One idea might be that people have always liked the communal experience of a gig or a festival. The Electric Picnic advertises itself as a “boutique” festival, appealing obviously to “boutiquey” type of people. But that alone does not explain why CD prices are falling and why the only place a band can make money is through their live gigs.

Labels obviously realise the change. For example, most bands’ contracts now have to give a cut of the live shows to the record label. Whereas before, the live gig was seen as a way of generating album sales, now it’s the other way around.

Industry insiders claim that in a few years time, music sales will account for only 30pc of a groups earning, with merchandising and gigs paying the rest.

The same process is happening in music as has happened in hundreds of other industries in the past. The music industry, so long the standard for ripping people off, has now fallen victim to the irresistible force of technology. In an i-Pod age, where everything is downloadable at a fraction of the cost, why would anyone pay for a CD?

According to an article in this month’s ‘Prospect Magazine’ in the UK, the now ubiquitous downloading and file sharing trend first started in Germany. By making the digital copies available in the CD form, the industry opened itself up to allow the customer to clone the product. The Germans responded to this opportunity most enthusiastically. German music sales – serving a country of over 82m people – are now smaller than Holland’s.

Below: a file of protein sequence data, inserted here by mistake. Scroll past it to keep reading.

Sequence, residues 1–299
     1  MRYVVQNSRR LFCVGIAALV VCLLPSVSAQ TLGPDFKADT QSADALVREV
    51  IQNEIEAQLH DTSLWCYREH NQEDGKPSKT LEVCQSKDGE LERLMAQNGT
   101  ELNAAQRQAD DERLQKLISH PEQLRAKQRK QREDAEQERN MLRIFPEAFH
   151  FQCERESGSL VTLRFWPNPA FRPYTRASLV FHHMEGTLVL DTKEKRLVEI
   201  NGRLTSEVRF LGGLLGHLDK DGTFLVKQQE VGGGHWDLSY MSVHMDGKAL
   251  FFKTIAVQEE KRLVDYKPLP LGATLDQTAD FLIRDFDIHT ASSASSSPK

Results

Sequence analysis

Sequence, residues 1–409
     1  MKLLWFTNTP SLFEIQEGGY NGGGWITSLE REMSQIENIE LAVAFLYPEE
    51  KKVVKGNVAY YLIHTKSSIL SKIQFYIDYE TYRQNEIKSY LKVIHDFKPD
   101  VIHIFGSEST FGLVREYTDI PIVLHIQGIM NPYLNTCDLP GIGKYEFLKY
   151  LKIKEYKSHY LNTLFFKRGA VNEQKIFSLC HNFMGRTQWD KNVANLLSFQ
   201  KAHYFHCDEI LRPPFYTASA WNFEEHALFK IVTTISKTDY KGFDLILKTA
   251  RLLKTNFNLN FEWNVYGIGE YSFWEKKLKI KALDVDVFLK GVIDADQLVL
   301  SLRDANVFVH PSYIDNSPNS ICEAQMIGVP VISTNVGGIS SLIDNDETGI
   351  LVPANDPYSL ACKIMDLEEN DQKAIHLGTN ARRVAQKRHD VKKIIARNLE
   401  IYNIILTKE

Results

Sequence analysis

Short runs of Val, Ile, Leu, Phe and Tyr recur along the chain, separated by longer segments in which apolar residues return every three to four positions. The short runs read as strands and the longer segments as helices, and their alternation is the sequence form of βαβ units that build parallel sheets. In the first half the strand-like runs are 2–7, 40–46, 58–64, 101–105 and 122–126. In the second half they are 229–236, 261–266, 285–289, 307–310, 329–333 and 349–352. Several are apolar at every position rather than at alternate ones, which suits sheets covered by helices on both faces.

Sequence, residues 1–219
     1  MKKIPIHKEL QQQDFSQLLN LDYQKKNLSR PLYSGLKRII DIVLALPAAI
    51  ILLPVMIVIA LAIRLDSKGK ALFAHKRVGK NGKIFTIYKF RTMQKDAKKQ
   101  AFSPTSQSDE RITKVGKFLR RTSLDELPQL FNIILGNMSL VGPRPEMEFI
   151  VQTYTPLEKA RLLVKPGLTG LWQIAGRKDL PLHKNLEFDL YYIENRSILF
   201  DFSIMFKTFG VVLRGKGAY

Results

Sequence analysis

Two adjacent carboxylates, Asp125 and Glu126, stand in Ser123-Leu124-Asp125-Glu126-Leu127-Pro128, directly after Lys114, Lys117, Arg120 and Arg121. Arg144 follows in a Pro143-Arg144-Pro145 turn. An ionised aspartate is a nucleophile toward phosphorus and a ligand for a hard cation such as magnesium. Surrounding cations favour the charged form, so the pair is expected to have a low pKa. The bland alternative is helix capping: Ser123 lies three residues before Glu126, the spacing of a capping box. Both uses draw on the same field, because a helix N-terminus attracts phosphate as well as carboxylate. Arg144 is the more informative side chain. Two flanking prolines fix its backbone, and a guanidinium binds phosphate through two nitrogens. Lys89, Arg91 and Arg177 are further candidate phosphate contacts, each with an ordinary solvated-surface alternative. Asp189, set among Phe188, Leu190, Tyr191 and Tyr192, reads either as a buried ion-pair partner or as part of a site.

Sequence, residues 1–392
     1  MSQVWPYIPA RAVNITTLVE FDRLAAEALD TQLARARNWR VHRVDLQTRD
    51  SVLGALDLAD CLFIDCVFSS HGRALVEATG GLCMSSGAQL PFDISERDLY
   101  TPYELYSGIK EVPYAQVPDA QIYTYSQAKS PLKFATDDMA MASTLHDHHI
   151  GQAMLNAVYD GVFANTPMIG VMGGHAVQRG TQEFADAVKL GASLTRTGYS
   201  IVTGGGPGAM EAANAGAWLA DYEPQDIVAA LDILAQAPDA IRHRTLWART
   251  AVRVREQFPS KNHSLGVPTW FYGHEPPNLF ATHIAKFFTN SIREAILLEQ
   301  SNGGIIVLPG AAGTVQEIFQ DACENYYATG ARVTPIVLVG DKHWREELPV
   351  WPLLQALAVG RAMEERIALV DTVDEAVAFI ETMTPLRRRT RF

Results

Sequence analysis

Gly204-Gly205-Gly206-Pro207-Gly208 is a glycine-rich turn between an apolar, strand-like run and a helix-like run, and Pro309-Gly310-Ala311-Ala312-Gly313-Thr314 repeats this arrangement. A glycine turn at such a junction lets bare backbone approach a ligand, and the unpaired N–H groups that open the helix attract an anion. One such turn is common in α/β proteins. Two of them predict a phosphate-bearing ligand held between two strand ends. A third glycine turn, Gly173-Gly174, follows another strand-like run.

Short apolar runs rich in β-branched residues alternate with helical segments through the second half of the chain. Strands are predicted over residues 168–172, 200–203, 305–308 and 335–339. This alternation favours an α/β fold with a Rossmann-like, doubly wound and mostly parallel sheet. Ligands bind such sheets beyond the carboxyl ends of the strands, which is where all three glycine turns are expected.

This German weakness for file sharing has had profound impacts on the industry worldwide. For example, the august Journal of Political Economy, which normally concerns itself with issues of almost laughable economic esotericism, published a piece on file sharing. During German school holidays, when the children are at home and online, the supply of pirated music available to Americans balloons, making downloading quicker and easier.

All over the word the sales of CDs has plummeted. In the US sales last years are down 15pc and 35pc in Canada, while France and Germany has seen CD sales collapse. It’s difficult to get figures for Ireland, but doubtless if the falling price of CDs in Tower Records is anything to go by, sales here are crashing too.